From The Garden by P. Allen Smith

From the Garden: Fragrant Plants

Blooms are great for adding visual interest to a landscape and attracting those all-important pollinators. Another part of the allure of a flower garden is its wonderful fragrance! Here are some of our favorite fragrant plants for your outdoor spaces.

english lavender | This aromatic herb looks beautiful planted in a large swath in the garden, and it also grows well in containers. The dark, lavenderblue flower spikes are very attractive to butterflies as well. Lavender thrives in growing conditions similar to its native habitat along the Mediterranean coast. It prefers moist, cool winters and hot, dry summers. Well-drained soil and a full day’s sun are also essential for robust plants and plentiful blooms.

Photo: Jason Masters

peonies | Prized for their form, stunning range of colors and exceptional hardiness, few other plants bloom so reliably year after year with such little care. Their large, glorious flowers add bright splashes of color to beds and borders, and their intoxicating fragrance makes them a wonderful cut flower. And, as a bonus, they are deer-resistant!

lemon balm | Part of the mint family, this herb has a lemon flavor and smells of lemon with a hint of mint. It’s great in teas and salads and perfect to use in bouquets. Lemon balm quickly can take over your garden if you’re not careful, so remove its flowers as soon as you notice them to prevent seeds from spreading.

catmint | At the peak of spring, the 30-inch plants are lush with a gray-green, scented foliage and covered in spires of soft purple blooms. If you struggle with growing the herb lavender, try Nepeta Six Hills Giant as an alternative. Catmint does best in full sun, planted in soil that is moist but well-drained.

lilac | This plant produces fragrant lavender blooms. Lilacs bloom best in full sun in well-drained, alkaline soil. Plants need a general fertilizer in early spring and after the bloom cycle. To encourage blooms, use a fertilizer high in phosphorus for your early spring feeding.

Photo: Mark Fonville

champneys’ pink cluster rose | You will find these throughout the rose garden at Moss Mountain Farm. It’s a Noisette, the first class of American roses. The clusters of pale pink blossoms have an intoxicating fragrance, and they can be trained to climb with the right support. Pruning will allow you to grow it as a shrub as well.oriental lilies | These fragrant flowers are late summer bloomers. They need to be planted in well-drained soil in full sun. Water moderately once they start to bloom. These lilies are easy to care for, but a word of warning: Deer will love your lilies as much as you do!

mock orange | Adding mock orange to the garden is one of my favorite ways to get a wonderful citrus fragrance without having to care for fruit trees, which can be a real hassle. While there actually is no color on the petals, the scent is really lovely. For best results, plant mock orange in full sun or partial shade and make sure the soil is moist and well-drained.

Photo: Hortus Ltd.

hyacinths | With a little love and patience, you’ll be rewarded with gorgeous, fragrant blooms in the spring. Many people grow them indoors by forcing the bulbs. To grow outdoors, plant the bulbs in early fall in rich, moist, well-drained soil. Growing hyacinths in containers is another option, and it gives you more control over soil conditions.

honeysuckle | You can’t go wrong with honeysuckle. It will thrive in most conditions and is a perfect choice for attracting wildlife to the garden. It grows best in full sun but can take a bit of shade. Plant in well-drained soil amended with organic matter for best results.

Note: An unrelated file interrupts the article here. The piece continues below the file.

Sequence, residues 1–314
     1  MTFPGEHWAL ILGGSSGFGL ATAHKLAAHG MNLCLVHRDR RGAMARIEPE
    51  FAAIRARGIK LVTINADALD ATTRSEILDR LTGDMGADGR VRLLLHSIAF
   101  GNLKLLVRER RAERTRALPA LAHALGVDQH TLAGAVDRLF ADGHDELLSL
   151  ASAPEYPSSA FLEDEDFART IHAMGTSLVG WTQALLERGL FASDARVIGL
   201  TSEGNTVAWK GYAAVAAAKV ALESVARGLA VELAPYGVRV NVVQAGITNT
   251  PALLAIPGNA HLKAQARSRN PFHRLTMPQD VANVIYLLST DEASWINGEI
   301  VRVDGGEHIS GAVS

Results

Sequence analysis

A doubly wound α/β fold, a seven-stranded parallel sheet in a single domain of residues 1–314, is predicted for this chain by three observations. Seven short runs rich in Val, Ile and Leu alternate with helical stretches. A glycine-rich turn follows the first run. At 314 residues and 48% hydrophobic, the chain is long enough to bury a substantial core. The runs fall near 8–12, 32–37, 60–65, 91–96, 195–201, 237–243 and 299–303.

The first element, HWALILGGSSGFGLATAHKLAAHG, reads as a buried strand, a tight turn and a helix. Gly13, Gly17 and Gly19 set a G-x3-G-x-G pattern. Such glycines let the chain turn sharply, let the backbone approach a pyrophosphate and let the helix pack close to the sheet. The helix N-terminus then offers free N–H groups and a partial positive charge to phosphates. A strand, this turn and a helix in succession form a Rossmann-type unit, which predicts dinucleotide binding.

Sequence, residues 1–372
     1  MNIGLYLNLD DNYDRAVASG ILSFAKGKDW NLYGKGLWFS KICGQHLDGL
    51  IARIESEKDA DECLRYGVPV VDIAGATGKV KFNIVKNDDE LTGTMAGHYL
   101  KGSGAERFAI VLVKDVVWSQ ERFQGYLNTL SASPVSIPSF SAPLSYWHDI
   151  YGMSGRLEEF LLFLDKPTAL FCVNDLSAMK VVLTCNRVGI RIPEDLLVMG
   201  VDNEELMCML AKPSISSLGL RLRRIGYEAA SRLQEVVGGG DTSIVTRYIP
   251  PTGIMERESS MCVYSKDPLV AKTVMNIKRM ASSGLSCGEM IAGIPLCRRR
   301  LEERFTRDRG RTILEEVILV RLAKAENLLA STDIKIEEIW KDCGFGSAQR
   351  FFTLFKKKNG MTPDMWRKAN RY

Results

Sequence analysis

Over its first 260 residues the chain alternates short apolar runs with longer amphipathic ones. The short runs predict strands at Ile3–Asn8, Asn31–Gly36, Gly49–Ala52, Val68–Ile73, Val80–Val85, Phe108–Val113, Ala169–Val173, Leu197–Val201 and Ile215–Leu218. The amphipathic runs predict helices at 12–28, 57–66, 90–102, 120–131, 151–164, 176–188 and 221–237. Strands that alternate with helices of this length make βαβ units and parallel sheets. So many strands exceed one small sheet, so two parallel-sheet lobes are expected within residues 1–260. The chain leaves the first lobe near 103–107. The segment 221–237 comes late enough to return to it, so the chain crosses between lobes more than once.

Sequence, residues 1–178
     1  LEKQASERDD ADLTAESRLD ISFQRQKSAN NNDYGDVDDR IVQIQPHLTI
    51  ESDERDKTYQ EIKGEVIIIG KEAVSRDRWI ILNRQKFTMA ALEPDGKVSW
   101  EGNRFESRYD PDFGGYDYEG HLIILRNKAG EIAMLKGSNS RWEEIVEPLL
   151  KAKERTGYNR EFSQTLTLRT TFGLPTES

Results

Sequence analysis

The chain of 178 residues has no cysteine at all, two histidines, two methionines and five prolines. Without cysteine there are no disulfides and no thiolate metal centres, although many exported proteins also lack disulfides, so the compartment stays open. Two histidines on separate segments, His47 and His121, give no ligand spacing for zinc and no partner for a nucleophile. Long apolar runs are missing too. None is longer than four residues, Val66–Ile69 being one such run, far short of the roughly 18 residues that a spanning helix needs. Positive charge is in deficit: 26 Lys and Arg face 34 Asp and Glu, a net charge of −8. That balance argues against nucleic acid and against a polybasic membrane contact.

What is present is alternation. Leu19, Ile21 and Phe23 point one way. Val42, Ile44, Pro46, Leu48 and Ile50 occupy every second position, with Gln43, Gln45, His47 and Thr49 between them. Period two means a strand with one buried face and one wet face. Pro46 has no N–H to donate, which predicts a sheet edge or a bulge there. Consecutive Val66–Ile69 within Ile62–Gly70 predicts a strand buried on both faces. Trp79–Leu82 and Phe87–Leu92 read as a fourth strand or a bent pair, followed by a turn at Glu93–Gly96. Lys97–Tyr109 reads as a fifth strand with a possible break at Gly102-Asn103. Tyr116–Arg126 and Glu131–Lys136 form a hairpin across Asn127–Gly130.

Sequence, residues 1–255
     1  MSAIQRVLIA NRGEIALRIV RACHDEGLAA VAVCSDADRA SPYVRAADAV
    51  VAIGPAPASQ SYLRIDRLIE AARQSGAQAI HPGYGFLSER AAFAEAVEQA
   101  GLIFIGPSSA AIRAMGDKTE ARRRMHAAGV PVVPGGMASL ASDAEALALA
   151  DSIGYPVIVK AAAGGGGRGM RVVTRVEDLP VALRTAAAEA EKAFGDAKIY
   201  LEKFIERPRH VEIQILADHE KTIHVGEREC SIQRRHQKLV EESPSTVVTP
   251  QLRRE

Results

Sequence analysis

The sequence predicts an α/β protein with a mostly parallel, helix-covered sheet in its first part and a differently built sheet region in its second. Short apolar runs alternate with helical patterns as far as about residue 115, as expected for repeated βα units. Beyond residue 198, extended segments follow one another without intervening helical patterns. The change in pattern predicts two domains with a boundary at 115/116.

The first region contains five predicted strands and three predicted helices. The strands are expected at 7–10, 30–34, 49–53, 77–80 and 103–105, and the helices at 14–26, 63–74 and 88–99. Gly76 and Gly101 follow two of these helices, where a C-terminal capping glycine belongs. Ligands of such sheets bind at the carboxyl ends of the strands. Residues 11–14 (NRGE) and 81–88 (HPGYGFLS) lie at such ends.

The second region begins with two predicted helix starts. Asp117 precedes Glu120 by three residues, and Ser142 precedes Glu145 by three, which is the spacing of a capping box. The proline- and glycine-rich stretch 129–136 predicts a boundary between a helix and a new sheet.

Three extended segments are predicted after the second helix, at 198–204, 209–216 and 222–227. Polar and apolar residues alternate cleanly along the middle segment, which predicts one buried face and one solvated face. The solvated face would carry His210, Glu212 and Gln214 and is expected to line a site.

tuberose | With good drainage and ample mulching, these Mexican exotics are quite rewarding. They are prized for their tall sprays of pearly white, tubular, very fragrant flowers. Plant them near a patio, walkway, deck or other living space to enjoy the spicy-sweet fragrance. Grow tuberoses in organically rich, welldrained soil, and provide consistent moisture throughout the growing season.

wisteria | Oh, sweet wisteria! The gorgeous violet-blue blooms and their sweet smell that takes over the garden just scream spring. Wisteria is easy to grow but has be controlled with regular pruning. Plant in rich, moist soil in a sunny spot if you want blooms. Once established, wisteria is droughttolerant and requires very little care aside from pruning.

pineapple sage | A magnet for hummingbirds, butterflies and bees, pineapple sage is named for the pineapple scent of its foliage. The bold, red blooms make an appearance in late summer/early fall. Grow in a sunny spot that has a bit of afternoon shade. Soil should be well drained, but the plant needs moisture to support it as it grows quickly. Once established, it’s drought-tolerant.

Photo: Jason Masters

trumpet vine/angel’s trumpet | Another plant that attracts hummingbirds, trumpet vine grows well in sun or partial shade and can handle most soil conditions. Trumpet vine is a rapid grower and, like wisteria, needs regular pruning. Consider a support structure like a fence or trellis.

gardenia | Very few plants can top the sweet smell of gardenias! The gorgeous white blooms pop against glossy, deep green foliage. Grow gardenias in a protected area that gets full sun to partial shade. The plant thrives in consistently moist, well-drained soil. Feed the plant in the spring with an all-purpose fertilizer before new growth starts.

P. Allen Smith is an author, conservationist and TV host of Garden Home on PBS and Garden Style (check your local listings). He uses his Arkansas home, Moss Mountain Farm, to promote the local-food movement, organic gardening and the preservation of heritage poultry. For tours of the farm, visit pallensmith.com/tours.

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